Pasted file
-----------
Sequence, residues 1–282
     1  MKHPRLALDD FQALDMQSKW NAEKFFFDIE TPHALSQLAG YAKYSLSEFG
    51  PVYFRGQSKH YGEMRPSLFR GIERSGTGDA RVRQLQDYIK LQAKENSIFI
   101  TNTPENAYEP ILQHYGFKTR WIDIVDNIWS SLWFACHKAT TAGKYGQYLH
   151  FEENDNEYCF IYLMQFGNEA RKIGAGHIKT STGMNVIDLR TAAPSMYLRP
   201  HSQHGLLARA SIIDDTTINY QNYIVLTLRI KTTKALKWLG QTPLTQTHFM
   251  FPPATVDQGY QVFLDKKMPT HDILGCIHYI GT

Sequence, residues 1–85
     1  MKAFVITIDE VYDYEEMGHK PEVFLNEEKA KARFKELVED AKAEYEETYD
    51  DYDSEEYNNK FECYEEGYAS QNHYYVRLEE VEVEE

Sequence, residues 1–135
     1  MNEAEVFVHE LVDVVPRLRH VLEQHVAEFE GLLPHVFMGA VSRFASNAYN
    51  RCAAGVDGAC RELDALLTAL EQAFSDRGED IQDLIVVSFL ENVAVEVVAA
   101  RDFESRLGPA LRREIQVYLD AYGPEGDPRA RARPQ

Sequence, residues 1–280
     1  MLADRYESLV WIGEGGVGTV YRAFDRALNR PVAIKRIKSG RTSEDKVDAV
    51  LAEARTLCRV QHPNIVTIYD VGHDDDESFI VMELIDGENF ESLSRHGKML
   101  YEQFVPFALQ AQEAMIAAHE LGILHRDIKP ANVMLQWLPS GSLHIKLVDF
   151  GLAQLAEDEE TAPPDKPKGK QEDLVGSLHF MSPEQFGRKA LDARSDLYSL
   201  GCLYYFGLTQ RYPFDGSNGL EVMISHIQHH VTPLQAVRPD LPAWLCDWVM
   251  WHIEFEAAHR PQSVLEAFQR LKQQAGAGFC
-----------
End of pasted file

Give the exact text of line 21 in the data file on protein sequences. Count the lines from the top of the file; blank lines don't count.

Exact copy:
   251  WHIEFEAAHR PQSVLEAFQR LKQQAGAGFC